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Steroids. 2008 Oct;73(11):1160-73. doi: 10.1016/j.steroids.2008.05.003. Epub 2008 May 18.

Heterologous expression of human mPRalpha, mPRbeta and mPRgamma in yeast confirms their ability to function as membrane progesterone receptors.

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  • 1Department of Chemistry, University of Florida, P.O. Box 117200, Gainesville, FL 32611, United States.

Abstract

The nuclear progesterone receptor (nPR) mediates many of the physiological effects of progesterone by regulating the expression of genes, however, progesterone also exerts non-transcriptional (non-genomic) effects that have been proposed to rely on a receptor that is distinct from nPR. Several members of the progestin and AdipoQ-Receptor (PAQR) family were recently identified as potential mediators of these non-genomic effects. Membranes from cells expressing these proteins, called mPRalpha, mPRbeta and mPRgamma, were shown to specifically bind progesterone and have G-protein coupled receptor (GPCR) characteristics, although other studies dispute these findings. To clarify the role of these mPRs in non-genomic progesterone signaling, we established an assay for PAQR functional evaluation using heterologous expression in Saccharomyces cerevisiae. Using this assay, we demonstrate unequivocally that mPRalpha, mPRbeta and mPRgamma can sense and respond to progesterone with EC(50) values that are physiologically relevant. Agonist profiles also show that mPRalpha, mPRbeta and mPRgamma are activated by ligands, such as 17alpha-hydroxyprogesterone, that are known to activate non-genomic pathways but not nPR. These results strongly suggest that these receptors may indeed function as the long-sought-after membrane progesterone receptors. Additionally, we show that two uncharacterized PAQRs, PAQR6 and PAQR9, are also capable of responding to progesterone. These mPR-like PAQRs have been renamed as mPRdelta (PAQR6) and mPRvarepsilon (PAQR9). Additional characterization of mPRgamma and mPRalpha indicates that their progesterone-dependent signaling in yeast does not require heterotrimeric G-proteins, thus calling into question the characterization of the mPRs as a novel class of G-protein coupled receptor.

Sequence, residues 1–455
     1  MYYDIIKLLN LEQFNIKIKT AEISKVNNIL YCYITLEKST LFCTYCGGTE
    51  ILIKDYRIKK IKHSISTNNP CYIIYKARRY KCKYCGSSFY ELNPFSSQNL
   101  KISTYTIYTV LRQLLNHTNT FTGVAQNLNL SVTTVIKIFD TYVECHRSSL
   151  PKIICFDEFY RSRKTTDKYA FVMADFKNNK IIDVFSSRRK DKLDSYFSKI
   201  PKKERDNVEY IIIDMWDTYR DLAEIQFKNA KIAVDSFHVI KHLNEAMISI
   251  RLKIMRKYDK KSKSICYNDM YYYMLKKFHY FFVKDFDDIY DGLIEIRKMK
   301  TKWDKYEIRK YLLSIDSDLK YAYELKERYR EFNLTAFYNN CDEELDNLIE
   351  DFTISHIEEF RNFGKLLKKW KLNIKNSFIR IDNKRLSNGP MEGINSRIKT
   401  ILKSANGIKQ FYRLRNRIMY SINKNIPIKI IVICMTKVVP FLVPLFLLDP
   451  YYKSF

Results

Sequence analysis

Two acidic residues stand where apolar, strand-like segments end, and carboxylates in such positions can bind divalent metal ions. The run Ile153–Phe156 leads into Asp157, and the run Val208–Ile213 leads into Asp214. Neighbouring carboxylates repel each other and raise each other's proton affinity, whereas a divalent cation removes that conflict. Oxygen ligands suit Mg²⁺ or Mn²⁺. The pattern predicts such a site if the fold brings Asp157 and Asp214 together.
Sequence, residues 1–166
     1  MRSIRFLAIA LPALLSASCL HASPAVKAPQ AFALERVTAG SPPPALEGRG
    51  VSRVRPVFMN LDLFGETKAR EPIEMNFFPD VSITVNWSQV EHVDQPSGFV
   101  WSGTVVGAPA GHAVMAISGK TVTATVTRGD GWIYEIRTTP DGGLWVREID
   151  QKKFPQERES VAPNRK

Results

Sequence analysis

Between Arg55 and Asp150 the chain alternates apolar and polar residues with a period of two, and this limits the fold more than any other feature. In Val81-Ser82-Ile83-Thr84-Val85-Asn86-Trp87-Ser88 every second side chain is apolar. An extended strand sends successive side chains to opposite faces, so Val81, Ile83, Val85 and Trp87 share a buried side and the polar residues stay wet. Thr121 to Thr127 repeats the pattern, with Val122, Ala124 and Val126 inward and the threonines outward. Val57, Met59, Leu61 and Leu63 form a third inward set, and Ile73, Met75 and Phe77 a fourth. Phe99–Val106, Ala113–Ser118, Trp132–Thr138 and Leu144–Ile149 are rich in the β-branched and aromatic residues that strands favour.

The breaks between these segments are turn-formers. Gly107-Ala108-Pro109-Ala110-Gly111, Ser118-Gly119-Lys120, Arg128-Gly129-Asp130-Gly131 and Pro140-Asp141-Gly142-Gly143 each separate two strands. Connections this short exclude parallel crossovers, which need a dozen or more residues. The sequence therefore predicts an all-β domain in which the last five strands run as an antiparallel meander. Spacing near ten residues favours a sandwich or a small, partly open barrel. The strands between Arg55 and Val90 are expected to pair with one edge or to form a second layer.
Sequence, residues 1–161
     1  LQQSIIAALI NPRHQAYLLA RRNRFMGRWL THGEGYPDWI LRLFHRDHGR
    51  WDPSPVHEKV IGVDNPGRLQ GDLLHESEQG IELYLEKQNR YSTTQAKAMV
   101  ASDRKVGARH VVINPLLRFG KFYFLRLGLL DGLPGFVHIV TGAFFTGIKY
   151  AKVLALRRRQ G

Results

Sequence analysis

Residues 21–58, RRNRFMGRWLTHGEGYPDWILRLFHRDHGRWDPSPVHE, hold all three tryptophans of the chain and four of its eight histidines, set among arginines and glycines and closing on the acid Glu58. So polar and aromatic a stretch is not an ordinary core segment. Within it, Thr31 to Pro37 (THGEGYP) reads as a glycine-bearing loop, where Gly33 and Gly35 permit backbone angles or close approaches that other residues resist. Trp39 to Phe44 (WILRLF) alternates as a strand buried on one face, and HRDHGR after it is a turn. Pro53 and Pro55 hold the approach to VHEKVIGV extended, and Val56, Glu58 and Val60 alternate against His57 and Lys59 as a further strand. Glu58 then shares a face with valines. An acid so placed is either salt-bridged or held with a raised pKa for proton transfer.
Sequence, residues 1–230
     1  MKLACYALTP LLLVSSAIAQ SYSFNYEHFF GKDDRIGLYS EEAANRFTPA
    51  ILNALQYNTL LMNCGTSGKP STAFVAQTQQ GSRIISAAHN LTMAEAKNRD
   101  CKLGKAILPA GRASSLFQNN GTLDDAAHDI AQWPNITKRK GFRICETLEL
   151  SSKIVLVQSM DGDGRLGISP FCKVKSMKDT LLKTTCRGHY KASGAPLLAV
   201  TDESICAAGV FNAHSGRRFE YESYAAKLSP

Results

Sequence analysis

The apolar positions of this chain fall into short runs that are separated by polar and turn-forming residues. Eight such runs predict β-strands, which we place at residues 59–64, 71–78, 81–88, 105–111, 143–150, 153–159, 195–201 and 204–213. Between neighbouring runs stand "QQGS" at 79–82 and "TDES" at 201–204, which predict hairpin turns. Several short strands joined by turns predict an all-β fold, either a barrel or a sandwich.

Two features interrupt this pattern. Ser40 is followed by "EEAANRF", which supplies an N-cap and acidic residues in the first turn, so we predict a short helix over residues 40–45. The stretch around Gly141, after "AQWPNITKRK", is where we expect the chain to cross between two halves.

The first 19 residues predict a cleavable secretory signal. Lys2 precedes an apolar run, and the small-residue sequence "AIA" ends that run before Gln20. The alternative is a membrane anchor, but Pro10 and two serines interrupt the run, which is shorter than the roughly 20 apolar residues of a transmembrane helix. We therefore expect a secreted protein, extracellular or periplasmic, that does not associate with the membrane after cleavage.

PMID:
18603275
[PubMed - indexed for MEDLINE]
PMCID:
PMC2597464
Free PMC Article
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